Sunday morning, I watched a little bit of Paris-Roubaix with breakfast while Matt headed out on the scooter to the LosLocos Duathlon to spectate/heckle. I left on my road bike soon after and met him on the outskirts of the course. From there, he motorpaced me for about an hour (my first time to do that for an extended period of time). I fell in love with motorpacing out there- it’s essentially the same feeling/intensity of a group ride, but without any of the obnoxious stuff that comes with a “swinging dick” group ride.

I didn’t take any photos, because once Matt got the hang of being the scooter pilot, I was basically sweating out of my eyeballs. It was an excellent training ride. Here’s a photo from afterward, though…




Recovery Week

Life has been turned down to a dull roar since 6 Hours of Warrior Creek. I’ve been recovering- much better, I might add, than I have in the past from racing Ouachita Challenge, which is ALWAYS the same weekend. I was feeling prettymuch back to normal by around Wednesday. The most exciting thing for me? My “winner’s interview” was posted on the Trans-Sylvania Epic facebook page.

Matt, on the other hand, was feeling more than back to normal, and raced the local training series crit…


He was 2nd in the race, but a winner in the “how to not look like a cat 4 on the podium” contest.

All of this resting has given me lots of time to get impatient about waiting for my mountain bike to get here…

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Its arrival should happen sometime next week… which lands it right in the middle of a gargantuan training camp week that coach Andy has requested of me. I’ve got a very loose, weather and bike shipping-based plan to go on a grand tour of Arkansas. Normally, I’d just let it sit and ride the bike I’ve been using successfully for the past two years. However, because of the relatively close proximity of the Ogre 150 and DK200 races- both of which I plan on doing on the new bike, I want to get home and get it built ASAP.

So, I’ll end up kicking off the Arkansas Epic in somewhat familiar territory- riding from home, over the Mississippi River, and finding gravel on Saturday, then driving over to Syllamo early in the week to train until I get an exact arrival time on the new machine. At that point, I’ll come home, take a rest day to build, then head back out for places like (in no particular order) Lake Sylvia, the Ouachita/Womble/LOViT area, Eagle Rock, and possibly up to North West Arkansas to explore trails and gravel that I’ve only heard about on the internet.

It should be a fun, quasi-spontaneous adventure, hopefully resulting in killer fitness and a good story or two.


6 Hours of Warrior Creek Race Report

I went in to this race without any real expectations of myself other than doing what I could to have a good first “long” race of the season (now that I think about it, it was my longest ride of 2014 as well). So, while my base is strong and top-end fitness is still building, I really wanted to focus on pacing, fueling, and paying attention to keeping my head up and bike handling fast/accurate as fatigue started to set in. I knew that this race tends to draw some regional horsepower (lots of familiar names on previous years’ results), but, being in the mindset of “just go and have a good race and let the results happen,” I didn’t even look for a list of registered riders. I did, however, see Carey Lowery (always one to chase) post (on facebook) an “enlightening” photo of her bike and herself on the scales the day before the race.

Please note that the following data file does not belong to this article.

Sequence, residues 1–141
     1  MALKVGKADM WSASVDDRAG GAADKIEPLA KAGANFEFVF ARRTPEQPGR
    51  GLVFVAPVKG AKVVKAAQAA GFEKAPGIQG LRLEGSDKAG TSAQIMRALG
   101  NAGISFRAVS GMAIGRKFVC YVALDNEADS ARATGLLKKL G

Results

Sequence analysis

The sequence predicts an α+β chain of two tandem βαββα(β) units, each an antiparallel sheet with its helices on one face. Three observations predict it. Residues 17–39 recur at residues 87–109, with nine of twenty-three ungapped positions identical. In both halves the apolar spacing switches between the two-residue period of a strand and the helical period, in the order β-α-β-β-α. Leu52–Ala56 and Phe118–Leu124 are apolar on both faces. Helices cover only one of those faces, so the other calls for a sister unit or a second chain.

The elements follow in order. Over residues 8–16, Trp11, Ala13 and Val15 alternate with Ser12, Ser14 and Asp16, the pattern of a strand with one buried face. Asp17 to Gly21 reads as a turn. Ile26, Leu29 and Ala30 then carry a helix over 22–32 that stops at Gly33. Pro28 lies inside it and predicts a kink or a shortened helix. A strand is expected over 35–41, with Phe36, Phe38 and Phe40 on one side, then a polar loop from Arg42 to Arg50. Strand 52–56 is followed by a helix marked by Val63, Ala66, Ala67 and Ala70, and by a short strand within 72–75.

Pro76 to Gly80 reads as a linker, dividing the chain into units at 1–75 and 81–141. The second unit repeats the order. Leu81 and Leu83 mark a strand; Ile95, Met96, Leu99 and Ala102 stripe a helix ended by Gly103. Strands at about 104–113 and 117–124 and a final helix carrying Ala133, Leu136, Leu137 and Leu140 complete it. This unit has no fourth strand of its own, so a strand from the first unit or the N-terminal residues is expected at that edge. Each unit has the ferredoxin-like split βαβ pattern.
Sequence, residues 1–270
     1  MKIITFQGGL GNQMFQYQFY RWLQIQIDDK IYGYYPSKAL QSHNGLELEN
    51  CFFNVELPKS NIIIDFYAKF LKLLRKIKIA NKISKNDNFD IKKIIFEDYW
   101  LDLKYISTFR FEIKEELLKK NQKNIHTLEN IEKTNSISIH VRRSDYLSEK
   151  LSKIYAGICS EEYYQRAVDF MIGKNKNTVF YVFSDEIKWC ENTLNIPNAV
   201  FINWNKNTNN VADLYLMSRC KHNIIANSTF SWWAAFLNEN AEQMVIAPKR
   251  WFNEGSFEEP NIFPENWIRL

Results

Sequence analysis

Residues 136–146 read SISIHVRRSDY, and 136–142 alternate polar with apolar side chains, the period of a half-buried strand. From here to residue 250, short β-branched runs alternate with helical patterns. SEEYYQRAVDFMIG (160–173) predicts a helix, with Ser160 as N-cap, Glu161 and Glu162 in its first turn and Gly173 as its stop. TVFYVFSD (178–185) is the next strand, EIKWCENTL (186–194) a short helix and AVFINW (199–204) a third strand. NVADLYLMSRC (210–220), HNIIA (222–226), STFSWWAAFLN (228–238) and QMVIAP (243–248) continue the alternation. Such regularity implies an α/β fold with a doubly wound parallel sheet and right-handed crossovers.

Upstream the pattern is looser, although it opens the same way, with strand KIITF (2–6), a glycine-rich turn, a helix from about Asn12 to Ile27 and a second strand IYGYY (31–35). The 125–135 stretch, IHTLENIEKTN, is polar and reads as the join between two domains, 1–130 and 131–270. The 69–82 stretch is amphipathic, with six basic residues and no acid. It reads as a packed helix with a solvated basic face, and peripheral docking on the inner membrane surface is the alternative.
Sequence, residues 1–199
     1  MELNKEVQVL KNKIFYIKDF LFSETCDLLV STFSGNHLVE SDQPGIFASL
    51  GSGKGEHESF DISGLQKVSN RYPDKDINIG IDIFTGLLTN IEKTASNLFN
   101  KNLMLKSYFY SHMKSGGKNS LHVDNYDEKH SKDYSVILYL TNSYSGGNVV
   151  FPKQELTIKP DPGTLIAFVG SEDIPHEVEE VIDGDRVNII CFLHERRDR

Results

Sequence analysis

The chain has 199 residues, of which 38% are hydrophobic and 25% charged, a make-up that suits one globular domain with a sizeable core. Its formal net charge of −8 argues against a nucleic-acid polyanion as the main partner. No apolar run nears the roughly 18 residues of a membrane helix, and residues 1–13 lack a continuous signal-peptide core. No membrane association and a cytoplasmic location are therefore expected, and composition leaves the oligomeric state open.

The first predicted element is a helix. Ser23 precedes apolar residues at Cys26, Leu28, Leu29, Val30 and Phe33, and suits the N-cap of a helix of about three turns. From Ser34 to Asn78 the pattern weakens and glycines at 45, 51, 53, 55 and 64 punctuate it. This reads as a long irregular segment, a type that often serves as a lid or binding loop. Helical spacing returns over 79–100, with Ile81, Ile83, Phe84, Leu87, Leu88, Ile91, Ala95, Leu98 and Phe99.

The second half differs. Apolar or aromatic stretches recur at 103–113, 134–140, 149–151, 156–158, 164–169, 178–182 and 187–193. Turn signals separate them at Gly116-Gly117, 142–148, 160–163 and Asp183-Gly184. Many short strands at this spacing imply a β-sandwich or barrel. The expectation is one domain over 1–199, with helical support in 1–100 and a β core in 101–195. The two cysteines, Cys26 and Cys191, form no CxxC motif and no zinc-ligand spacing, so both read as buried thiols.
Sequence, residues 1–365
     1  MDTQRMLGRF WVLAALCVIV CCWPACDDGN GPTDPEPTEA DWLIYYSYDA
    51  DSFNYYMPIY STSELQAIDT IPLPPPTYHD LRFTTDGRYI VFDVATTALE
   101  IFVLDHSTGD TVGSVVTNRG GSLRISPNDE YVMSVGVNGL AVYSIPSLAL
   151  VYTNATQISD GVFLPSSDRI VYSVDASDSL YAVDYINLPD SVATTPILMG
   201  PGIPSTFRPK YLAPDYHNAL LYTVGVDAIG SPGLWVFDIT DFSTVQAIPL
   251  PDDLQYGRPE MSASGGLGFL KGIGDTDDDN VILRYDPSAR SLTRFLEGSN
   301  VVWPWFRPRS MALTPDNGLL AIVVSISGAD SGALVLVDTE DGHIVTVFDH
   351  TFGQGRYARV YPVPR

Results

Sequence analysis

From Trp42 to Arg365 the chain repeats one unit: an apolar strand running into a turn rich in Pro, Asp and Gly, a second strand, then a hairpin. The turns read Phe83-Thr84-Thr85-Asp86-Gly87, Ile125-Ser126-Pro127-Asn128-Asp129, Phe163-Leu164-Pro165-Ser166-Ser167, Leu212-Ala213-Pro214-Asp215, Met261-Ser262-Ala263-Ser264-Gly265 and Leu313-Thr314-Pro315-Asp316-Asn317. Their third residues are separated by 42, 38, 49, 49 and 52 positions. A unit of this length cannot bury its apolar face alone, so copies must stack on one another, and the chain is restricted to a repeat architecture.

Eh, whatevs.

I’d never ridden the Warrior Creek course before, but I heard that it was a lot of fun. A Friday afternoon preride would reveal that I would not be disappointed. Berms. Berms everywhere. Most of them amazing.
(side note- When you put 598 berms into almost 14 miles of trail, not all of them are gonna be winners)

I was stoked to race. Saturday morning, the race started at 10:00am (love that… racing the NUE series for 2 years in a row left me with soooooo much hate for early morning starts). It made a “parade loop” of sorts around the park before diving in to the last piece of singletrack before the start of the official first piece of singletrack. I thought I’d noticed one or two women ahead of me at that point, but figured that if I successfully carried out my plan that they’d come back at some point in the next 6 hours (I’d later figure out that both were in the duo competition). I hadn’t noticed Carey ahead of me and figured that the speed of the start loop had put her (riding a singlespeed) into the singletrack a little further back in the group.

Somewhere as I settled in to the first lap, Matt caught up to me and said he was having a bad time riding singlespeed. He stuck with me for the remainder of the lap. When I stopped at the pit, I said something to a nearby support person about waiting for Carey to come by me, and she informed me that Carey was racing as a duo. Interesting…

I grabbed bottles, ate some Gu Chomps, and got back on my bike. At the start of the second lap, I had a frustrating/satisfying run-in with a guy on a Krampus. The story is a Just Riding Along exclusive, though. So, you’ll have to listen to the show on Mountain Bike Radio to hear it.

On the second lap, I mostly followed a guy who had a great pace and seemed to know the trail well. It was very helpful to follow his lines and he wasn’t going either too slow or too fast up any of the climbs. Carey also caught up to me somewhere along there. She confirmed that she was, indeed riding in the duo competition, and, when I asked what solo women were ahead of me, she replied, “Just you!”

Oh… Damn.